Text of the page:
Making an impact with IT
- By Wyatt Kash
- Oct 14, 2009
For all the legitimate clamor about how government agencies need to share information more effectively, it’s easy to miss the equally legitimate ways that agency information technology staffs are advancing the work of government.
That’s one reason why GCN goes to considerable effort each year to identify what’s working and why -- and to present a cross section of the most innovative and high-impact IT projects in government.
The outcome of that effort is contained in this special issue of GCN, which highlights 10 IT projects — and the men and women behind them — that have earned this year’s GCN Award for Agency IT Achievement.
The GCN Awards, now in their 22nd year, focus on government IT project teams that, over the previous year:
- Succeeded in improving government services to the public; or
- Significantly improved the effectiveness of government employees in accomplishing their mission; and
- Demonstrated a notable degree of innovation and risk-taking in the execution of their project.
The projects highlighted in this issue were selected from among nearly 100 impressive nominations submitted to a judging panel that included eight distinguished former government technology executives, to whom we give owe a debt of thanks.
If this year’s projects share anything in common, it is the increasing degree to which information systems are connecting more seamlessly to other systems in new and sometimes innovative ways.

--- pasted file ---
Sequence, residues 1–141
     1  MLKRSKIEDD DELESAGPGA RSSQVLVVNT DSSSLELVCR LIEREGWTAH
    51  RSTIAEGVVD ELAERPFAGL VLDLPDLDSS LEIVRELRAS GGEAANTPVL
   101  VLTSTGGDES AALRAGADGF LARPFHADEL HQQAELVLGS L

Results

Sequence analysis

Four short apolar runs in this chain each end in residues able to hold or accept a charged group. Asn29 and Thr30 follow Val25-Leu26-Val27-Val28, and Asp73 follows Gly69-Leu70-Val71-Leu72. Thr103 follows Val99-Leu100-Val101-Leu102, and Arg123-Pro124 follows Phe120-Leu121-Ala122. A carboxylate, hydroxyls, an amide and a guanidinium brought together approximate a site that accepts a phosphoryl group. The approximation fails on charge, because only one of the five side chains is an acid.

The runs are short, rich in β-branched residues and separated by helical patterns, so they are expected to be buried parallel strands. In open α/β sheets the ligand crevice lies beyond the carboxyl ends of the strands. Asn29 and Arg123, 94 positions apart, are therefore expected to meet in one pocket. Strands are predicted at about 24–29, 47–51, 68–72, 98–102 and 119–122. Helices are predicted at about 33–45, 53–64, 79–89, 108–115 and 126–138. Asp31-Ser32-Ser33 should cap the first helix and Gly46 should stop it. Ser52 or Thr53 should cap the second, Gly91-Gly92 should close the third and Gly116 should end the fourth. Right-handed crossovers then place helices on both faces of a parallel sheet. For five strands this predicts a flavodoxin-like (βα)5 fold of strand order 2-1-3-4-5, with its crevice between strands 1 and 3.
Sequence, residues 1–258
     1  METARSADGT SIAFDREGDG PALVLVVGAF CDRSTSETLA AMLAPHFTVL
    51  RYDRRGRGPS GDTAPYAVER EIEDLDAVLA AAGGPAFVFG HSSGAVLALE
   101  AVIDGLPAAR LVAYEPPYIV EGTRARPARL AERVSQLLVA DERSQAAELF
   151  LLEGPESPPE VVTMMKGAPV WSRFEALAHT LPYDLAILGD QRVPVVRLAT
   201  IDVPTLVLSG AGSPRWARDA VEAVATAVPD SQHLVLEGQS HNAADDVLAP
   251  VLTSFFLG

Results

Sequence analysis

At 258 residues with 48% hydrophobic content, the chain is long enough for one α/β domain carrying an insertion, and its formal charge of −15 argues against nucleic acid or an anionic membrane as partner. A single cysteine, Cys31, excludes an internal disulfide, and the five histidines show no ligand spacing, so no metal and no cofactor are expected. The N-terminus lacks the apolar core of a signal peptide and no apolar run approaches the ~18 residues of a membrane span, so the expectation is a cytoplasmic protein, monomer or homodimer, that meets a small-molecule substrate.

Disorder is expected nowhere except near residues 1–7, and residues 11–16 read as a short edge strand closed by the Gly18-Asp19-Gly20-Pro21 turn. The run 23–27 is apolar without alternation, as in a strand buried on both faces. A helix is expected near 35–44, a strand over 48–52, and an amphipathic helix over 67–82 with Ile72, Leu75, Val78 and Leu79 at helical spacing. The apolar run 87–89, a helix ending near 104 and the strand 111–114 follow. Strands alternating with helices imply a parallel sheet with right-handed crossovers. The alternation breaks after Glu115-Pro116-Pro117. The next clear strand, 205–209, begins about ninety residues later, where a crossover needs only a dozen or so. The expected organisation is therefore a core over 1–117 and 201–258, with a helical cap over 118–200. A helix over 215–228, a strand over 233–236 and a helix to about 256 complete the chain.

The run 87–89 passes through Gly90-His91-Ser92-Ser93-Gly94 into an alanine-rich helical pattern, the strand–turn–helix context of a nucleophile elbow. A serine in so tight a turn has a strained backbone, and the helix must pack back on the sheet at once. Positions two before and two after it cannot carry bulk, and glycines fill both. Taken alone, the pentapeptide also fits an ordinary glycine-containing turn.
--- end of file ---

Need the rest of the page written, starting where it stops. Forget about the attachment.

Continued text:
A case in point is how the U.S. Postal Service, facing severe funding and performance pressures, succeeded in modernizing an aging Cobol-based mainframe environment while reducing computing costs. Or consider how the FBI and its Criminal Justice Information Services’ National Data Exchange now enables 200,000 law enforcement officers in 18,000 federal, state and local agencies to connect data spread across 51 million continuously updated records.
The GCN Awards also recognize a handful of individuals for their significant contributions to the use of technology in Government. This year we salute the GCN Hall of Fame Inductee, former Rep. Tom Davis, and GCN IT Executives of the Year Martha Dorris, Rob Carey and Jim Lewis. Their stories can also be found in the pages of this issue. These individuals -- and the men and women behind this year’s award-winning projects — demonstrate once again the powerful role that IT innovations can play in improving the way government agencies accomplish their missions.